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Hello, Good-Bye at Wikidata

By   /  October 1, 2013  /  No Comments

rsz_wikidLast week saw Denny Vrandecic leave Wikidata as director of the project that as of last week passed a milestone of 20 million statements and as of this Monday saw the creation of its fifteen-millionth item, about a Wikipedia category related to beetles. This week also sees Lydia Pintscher, community communications for technical projects including Wikidata, take on the responsibility of product manager for Wikidata.

In a farewell blog post, entitled Data For the People, Vrandecic provided his thoughts about how far Wikidata has come, as well as the possibilities and challenges that lie ahead.

The Semantic Web Blog caught up with Vrandecic, who spoke at the recent SemTech in San Francisco in June, for a little more perspective on the future – Wikidata’s and his own. When it comes to what he’d note as is accomplishments, Vrandecic said that he usually would name the size of the project, citing Wikidata’s community of 3,900 active editors, of whom a third have not been contributors to Wikimedia projects before. “This is, after Wikipedia and Commons, the third-largest Wikimedia project.

We have, within mere months, become a core piece of the Wikimedia mission, and today, whenever you see a Wikipedia or Wikivoyage page, you see data from Wikidata,” he told us in an email.

Photo of Denny Vrandecic“But,” he commented, “what I am most proud of is that we managed to find a unique solution for the difficult balance between flexibility and consistency, so that Wikidata is a place that can deal with knowledge diversity and contradictions, with a multitude of languages and sources. There was a worry frequently expressed to the effect that a project like Wikidata would become a threat to diversity – and we have not only anticipated it, but also built effective solutions to counter that potential threat.”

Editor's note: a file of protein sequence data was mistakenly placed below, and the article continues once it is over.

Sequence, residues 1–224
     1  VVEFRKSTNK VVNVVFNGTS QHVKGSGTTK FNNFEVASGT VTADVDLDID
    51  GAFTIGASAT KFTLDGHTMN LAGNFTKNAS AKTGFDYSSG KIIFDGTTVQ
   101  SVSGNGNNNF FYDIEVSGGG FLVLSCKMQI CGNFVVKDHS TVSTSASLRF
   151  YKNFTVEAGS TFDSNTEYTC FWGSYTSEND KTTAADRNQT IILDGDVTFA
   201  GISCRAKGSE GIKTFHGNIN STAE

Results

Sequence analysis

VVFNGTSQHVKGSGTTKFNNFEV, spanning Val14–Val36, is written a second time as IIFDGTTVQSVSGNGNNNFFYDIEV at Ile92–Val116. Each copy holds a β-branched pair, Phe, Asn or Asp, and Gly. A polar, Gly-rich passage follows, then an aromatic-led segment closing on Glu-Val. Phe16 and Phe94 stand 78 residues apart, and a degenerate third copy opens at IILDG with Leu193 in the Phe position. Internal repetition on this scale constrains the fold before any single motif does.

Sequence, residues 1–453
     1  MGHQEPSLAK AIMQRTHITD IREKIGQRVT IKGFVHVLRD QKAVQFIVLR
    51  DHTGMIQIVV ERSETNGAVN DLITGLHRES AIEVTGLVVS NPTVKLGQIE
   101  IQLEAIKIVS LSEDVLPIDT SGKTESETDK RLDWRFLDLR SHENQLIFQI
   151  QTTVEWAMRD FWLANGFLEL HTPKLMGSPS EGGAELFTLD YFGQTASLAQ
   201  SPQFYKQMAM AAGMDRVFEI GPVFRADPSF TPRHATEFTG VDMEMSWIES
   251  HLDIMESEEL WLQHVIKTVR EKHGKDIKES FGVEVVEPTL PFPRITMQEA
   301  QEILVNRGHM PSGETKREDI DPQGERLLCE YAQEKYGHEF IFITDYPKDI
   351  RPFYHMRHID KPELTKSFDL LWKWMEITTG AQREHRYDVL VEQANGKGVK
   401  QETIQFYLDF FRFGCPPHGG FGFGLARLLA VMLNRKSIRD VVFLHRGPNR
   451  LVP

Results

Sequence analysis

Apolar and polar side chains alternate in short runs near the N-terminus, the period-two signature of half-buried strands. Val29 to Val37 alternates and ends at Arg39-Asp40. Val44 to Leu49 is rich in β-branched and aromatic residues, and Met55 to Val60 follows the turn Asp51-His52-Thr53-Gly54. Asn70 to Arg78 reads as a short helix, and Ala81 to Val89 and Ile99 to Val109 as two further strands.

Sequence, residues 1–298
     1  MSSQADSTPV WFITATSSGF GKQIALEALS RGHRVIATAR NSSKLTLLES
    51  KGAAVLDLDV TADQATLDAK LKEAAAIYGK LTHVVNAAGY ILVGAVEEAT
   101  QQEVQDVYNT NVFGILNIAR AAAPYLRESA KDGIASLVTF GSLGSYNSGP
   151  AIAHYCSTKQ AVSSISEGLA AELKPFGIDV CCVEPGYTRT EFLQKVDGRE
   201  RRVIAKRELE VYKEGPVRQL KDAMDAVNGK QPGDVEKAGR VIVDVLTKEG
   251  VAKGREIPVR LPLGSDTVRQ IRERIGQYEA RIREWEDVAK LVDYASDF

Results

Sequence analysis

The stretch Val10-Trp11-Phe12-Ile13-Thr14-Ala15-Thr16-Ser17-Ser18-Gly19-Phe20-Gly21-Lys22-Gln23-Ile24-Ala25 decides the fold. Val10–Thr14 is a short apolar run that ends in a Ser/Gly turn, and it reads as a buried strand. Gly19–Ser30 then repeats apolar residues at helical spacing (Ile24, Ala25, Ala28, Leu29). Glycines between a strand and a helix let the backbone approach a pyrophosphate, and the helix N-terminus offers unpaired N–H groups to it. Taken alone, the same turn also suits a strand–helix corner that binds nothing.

His good-bye post also noted that the road ahead is not without its obstacles: He asked in it, “What is the biggest risk for Wikidata in my opinion? Not to be used.” To that point, Vrandecic told The Semantic Web Blog that (fortunately) he does think it’s a risk that can be avoided. “There are already several plans in place to facilitate wider adoption of Wikidata outside of the Wikimedia projects,” he said. “Just one example is a project we are starting with the Hasso-Plattner-Institute that aims at creating software libraries for easy reuse of Wikidata data. Another example is the improvement of Wikidata’s exports and dumps. I am confident that my successor will keep a keen eye on avoiding this risk.”

In her own blog post published today, Pushing Wikidata To The Next Level, Pintscher concurs that there is still work to be done – around building trust in the data, improving the user experience around Wikidata and making Wikidata easier to understand. “We need to build tools and processes to make our data more trustworthy,” she writes. “Let’s make Wikidata a joy to use and get it used in places and ways we can’t even imagine yet.”

What Vrandecic’s own future plans are, he said, can be found in an email he wrote in the summer, where he noted that he’d be stepping down as director but proudly continuing as a member of the community. “My new day job,though,” he wrote there, “will be at Google, and from there I hope to continue to effectively further our goals towards a world where everyone has access to the sum of all knowledge.”



About the author

Jennifer Zaino is a New York-based freelance writer specializing in business and technology journalism. She has been an executive editor at leading technology publications, including InformationWeek, where she spearheaded an award-winning news section, and Network Computing, where she helped develop online content strategies including review exclusives and analyst reports. Her freelance credentials include being a regular contributor of original content to The Semantic Web Blog; acting as a contributing writer to RFID Journal; and serving as executive editor at the Smart Architect Smart Enterprise Exchange group. Her work also has appeared in publications and on web sites including EdTech (K-12 and Higher Ed), Ingram Micro Channel Advisor, The CMO Site, and Federal Computer Week.

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